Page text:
by Patrick Bromley
Ryan Gosling likes a lot of cool movies. If you want proof of this, just check out his directorial debut Lost River, which plays like a CliffsNotes edition of his DVD collection. The movie doesn't wear its influences on its sleeve. It dresses in a shirt made entirely of influences.
As an actor, Gosling has his strengths: he is talented but largely silent and mysterious, in recent years becoming synonymous with cool. Much of that describes his first film as writer/director, too; it is ponderous and short on dialogue and it desperately wants to be cool. In many cases it achieves it, though it is a Hollow Cool. Gosling appears to have learned a lot through his collaborations with Nicholas Winding Refn, with whom he made both Drive and Only God Forgives. He apes Refn's visual style, his pacing and his lack of interest in a conventional narrative. Unfortunately, he missed out on some important lessons, like how to make a movie that feels like his own.
Yes, Lost River is spectacularly photographed by Benoît Debie, the gifted cinematographer responsible for shooting Irreversible, Enter the Void and Spring Breakers. Taking a page from Dario Argento -- particularly Suspiria -- every shot in Lost River is bathed in bright reds and pinks and blues and purples and every shot is stunning. It's the kind of movie from which almost any individual frame could be taken out of context and be hung on the wall as art. Gosling clearly has an eye and a sensibility, even if it's just a sensibility he's picked up from watching David Lynch and Terrence Malick and Argento.
Lost River is imitative, and not the way in which Tarantino is so often accused of being; he has absorbed a lifetime of movies and regurgitates them as something uniquely his own, whereas Gosling's movie is just a pastiche of stuff he likes. But for as imitative as it is, Gosling wants it to feel unlike anything else. His script aims for "unconventional," but is actually just obtuse and often pretentious. He throws in bizarre elements and images as non-sequiturs hoping to give the appearance of art, but too often it comes off as having the depth of a grad student's thesis film. It's full of nonsense like a scene in which Ben Mendelsohn (playing the lecherous owner of the giallo club [not a thing]) sings because Gosling loves Blue Velvet, or another scene in which a character is trapped in a plastic shell and it seems like the darkest, most fucked up stuff is about to go down -- it's the stuff of nightmares -- but then all that tension is destroyed by having someone start dancing because Gosling thinks it would be weird or funny. The characters have names like Bones and Bully and Rat and Nick. Wait, no, the actual rat is named Nick. It makes sense in this movie that only the rodent would have a normal name.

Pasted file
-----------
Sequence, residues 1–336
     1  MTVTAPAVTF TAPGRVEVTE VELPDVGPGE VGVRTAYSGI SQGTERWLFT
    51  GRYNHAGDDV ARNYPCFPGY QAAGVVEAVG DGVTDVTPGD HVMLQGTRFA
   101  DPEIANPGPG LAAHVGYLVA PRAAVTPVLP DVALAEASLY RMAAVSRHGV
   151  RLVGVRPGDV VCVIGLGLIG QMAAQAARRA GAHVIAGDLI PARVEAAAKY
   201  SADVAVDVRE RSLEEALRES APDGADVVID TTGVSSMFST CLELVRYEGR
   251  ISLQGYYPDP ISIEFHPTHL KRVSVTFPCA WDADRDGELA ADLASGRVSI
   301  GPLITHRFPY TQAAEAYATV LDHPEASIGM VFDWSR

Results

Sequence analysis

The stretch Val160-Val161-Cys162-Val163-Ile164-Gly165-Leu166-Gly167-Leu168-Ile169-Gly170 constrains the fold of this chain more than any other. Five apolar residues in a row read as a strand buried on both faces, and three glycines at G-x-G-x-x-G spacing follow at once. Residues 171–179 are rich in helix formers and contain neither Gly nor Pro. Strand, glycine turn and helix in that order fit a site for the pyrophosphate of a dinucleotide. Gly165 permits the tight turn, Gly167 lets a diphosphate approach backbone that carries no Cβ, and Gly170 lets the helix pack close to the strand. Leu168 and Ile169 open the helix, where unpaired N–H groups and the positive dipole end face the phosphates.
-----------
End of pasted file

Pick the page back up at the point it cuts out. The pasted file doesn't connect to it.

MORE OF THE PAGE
If we're grading on a curve because it's his first movie, Lost River isn't bad. It looks and sounds great and proves that Gosling shows real promise as a director once he comes up with something original to say. By its final 15 minutes, when all of the story threads are cross-cut to Johnny Jewel's pulsing score, the movie kind of works. Lost River is all very watchable if only because I like all the same kinds of movies that Gosling does. It's the sort of thing that will eventually find life as a midnight cult movie (provided that's still even a thing in five or 10 years) and will almost certainly affect a generation of kids who don't know that he's cribbing from other movies. Hell, I'll probably like it myself in a couple of years.
Lost River is currently available on VOD and iTunes.